Background: The redevelopment of the Clock Tower in Newmarket’s old downtown has been talked about since 2011. The developer, Bob Forrest, produced three versions in a bid to get approval, 9, 6 and 7 storeys, each with multi-level underground parking under Market Square. The final version was turned down by the Town on 28 November 2016 with only the Mayor in support. Forrest appealed to the OMB but this is no longer proceeding because of a new deal struck between the Town and the developer based on a “New Development Concept” – involving no demolition of heritage properties – but which we have yet to see.
Director of Planning “misled”
For the first time – outside the Town’s inner circle – Newmarket’s Director of Planning, Rick Nethery, has let it be known he was misled by figures in a key document submitted as part of the Clock Tower application leading him to believe the true Floor Space Index (FSI) was 2.9 when, in reality, it was over 4.
The Floor Space Index is a key measure of density.
When asked by the Mayor to address comments that had been made about the development’s FSI at the decision-making meeting on 28 November 2016, Mr Nethery said:
“There’s no question that what Mr Wall (a member of the public) was saying is that we are looking at an FSI that’s above what is currently in the documents. We don’t dispute that. That is a question of whether or not if Council were to approve it they would be so approving with that in mind.”
An FSI of over 4 would have given the proposed Clock Tower development in the heart of the fragile old downtown the highest density in the whole of Newmarket.
In conversation with veteran Newmarket councillor Dave Kerwin – described as a truly lengthy discussion - Mr Nethery said he had relied on a report from Brad Rogers of Groundswell, the planning consultants. In fact, Brad Rogers had no involvement whatsoever with Bob Forrest’s Clock Tower application. The Planning Rationale Report containing the false FSI of 2.9 was prepared by Forrest's consultants, MacNaughton Hermsen Britton Clarkeson Planning Limited (MHBC).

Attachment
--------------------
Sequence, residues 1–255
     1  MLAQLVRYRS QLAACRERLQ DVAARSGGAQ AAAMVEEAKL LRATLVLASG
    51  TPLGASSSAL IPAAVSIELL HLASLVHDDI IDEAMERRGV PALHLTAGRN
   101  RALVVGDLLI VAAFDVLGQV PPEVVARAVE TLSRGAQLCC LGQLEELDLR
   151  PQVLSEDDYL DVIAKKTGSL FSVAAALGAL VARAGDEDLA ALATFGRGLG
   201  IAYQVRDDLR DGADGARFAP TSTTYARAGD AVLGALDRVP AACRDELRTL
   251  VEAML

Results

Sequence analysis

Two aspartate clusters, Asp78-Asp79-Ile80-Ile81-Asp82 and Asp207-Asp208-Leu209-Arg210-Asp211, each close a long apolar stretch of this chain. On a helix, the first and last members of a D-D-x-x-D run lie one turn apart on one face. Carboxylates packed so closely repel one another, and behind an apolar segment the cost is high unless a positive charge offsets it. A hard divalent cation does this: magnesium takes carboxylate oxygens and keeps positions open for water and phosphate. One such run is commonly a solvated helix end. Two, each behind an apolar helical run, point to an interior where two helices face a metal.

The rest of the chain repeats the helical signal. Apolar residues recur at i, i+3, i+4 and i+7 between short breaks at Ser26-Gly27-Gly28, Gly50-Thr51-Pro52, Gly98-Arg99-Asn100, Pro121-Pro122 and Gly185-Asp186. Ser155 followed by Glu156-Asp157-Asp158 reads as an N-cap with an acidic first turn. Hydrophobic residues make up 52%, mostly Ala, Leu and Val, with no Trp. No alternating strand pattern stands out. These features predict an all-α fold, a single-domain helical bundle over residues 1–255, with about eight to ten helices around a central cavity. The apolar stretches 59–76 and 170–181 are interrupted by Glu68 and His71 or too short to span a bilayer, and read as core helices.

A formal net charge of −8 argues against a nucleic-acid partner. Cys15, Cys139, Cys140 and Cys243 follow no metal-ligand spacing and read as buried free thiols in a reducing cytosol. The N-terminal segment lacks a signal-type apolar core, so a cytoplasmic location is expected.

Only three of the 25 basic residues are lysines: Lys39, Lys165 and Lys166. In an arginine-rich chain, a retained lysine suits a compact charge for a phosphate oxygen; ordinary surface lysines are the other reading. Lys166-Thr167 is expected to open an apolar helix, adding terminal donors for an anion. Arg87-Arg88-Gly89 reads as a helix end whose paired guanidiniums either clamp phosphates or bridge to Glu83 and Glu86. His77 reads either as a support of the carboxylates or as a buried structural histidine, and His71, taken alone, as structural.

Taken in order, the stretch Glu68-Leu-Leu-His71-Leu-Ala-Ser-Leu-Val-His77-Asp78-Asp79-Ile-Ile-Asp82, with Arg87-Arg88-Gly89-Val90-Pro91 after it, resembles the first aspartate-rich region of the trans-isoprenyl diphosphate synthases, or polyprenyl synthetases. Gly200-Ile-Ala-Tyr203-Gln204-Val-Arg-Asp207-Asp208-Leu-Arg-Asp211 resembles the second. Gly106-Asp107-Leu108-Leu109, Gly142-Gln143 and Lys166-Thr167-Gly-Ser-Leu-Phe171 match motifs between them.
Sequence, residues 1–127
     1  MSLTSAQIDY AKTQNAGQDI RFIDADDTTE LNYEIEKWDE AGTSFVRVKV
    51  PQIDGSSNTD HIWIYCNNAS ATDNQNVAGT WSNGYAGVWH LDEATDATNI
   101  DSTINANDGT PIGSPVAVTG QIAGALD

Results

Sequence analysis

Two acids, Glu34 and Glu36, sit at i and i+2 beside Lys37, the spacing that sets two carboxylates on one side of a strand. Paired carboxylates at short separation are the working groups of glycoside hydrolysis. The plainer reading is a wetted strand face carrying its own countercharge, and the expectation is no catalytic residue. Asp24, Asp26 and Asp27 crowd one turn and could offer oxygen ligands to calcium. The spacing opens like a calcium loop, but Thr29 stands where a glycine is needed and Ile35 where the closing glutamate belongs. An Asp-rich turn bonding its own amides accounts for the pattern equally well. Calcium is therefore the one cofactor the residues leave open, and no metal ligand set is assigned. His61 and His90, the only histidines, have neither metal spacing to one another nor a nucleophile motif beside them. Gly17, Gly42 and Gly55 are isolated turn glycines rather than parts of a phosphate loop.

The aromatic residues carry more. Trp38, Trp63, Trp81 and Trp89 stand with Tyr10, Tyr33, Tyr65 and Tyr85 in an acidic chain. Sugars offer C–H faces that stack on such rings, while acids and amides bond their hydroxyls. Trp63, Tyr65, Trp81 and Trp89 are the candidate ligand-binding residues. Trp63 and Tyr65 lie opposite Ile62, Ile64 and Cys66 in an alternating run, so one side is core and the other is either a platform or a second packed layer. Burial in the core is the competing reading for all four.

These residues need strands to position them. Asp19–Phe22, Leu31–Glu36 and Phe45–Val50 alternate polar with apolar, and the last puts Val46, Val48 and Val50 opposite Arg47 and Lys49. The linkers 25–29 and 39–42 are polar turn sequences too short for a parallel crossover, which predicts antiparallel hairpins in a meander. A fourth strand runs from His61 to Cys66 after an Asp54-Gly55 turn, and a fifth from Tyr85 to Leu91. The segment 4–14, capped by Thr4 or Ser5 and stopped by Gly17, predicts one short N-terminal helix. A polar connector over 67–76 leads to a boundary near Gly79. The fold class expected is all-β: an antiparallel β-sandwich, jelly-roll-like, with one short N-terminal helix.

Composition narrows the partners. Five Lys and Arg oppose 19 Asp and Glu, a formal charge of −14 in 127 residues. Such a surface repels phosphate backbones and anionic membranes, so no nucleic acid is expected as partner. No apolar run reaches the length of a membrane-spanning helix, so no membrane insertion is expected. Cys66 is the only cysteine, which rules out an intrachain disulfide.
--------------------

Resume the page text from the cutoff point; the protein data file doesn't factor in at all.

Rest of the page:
What is the issue? Key information presented to councillors and public that was known to be false
One year ago, on 28 May 2017, I lodged an official complaint with Newmarket’s Chief Administrative Officer, Bob Shelton, that, on 28 November 2016, the Town’s Director of Planning, Rick Nethery, had put before councillors for decision a report on the proposed Clock Tower development that contained a Floor Space Index figure of 2.9 which the Director knew to be false.
This is contrary to the Town’s Code of Conduct which requires staff to be honest and not wilfully mislead councillors or the public on matters of corporate concern.
“No employee shall withhold information or wilfully mislead Members of the Council, other employees, clients or the public about any issue of corporate concern.”
In the absence of any kind of explanation from Mr Nethery I took the view that he had deliberately turned a blind eye to the false FSI in order to increase the chances of Forrest’s development getting approval. After all, the Mayor, Tony Van Bynen, had made it perfectly clear to the ERA newspaper that he was very much in favour.
The Clock Tower in its three evolving iterations had been the subject of discussions between Forrest and senior Town staff for years. Bob Shelton and Esther Armchuk (then Town solicitor) were intimately involved in these discussions as the project evolved. It was believed the development could kill two birds with one stone – the intensification of the old downtown with, perhaps, additional parking for the Town under Market Square.
Forrest confidently believed he had “approval in principle” from the Town in June 2013. The Town disputes this but refuses to release the report and minutes of the closed session meeting of the Committee of the Whole of 24 June 2013 where the matter was discussed.
My complaint was reviewed by Mr Nethery’s line manager Peter Noehammer who rejected it on 18 July 2017 on the grounds that the Town’s planners considered height and massing more important than the FSI. There was no mention of Mr Nethery being misled. Nevertheless, he (Mr Noehammer) acknowledged that the 2.9 FSI was incorrect – how could he do otherwise? - and speculated that this was the result of some kind of misunderstanding by Forrest’s planning consultants of what was required by the Town’s Zoning By-law and what was said about parking in the Town’s Secondary Plan.